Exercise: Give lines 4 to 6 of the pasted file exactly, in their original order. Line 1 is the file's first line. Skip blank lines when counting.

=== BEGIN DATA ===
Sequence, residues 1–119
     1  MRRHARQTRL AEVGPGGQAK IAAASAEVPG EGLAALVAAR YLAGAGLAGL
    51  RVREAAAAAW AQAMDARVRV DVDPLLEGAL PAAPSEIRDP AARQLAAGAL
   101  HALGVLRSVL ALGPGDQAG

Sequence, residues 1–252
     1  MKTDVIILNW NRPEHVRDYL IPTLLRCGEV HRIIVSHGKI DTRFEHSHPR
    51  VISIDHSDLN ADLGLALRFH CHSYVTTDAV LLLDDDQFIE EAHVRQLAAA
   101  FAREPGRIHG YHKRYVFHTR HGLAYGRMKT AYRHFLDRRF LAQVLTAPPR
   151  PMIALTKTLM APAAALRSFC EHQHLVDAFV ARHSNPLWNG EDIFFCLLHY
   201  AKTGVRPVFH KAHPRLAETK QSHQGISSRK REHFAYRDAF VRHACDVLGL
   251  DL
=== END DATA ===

   101  HALGVLRSVL ALGPGDQAG

Sequence, residues 1–252
     1  MKTDVIILNW NRPEHVRDYL IPTLLRCGEV HRIIVSHGKI DTRFEHSHPR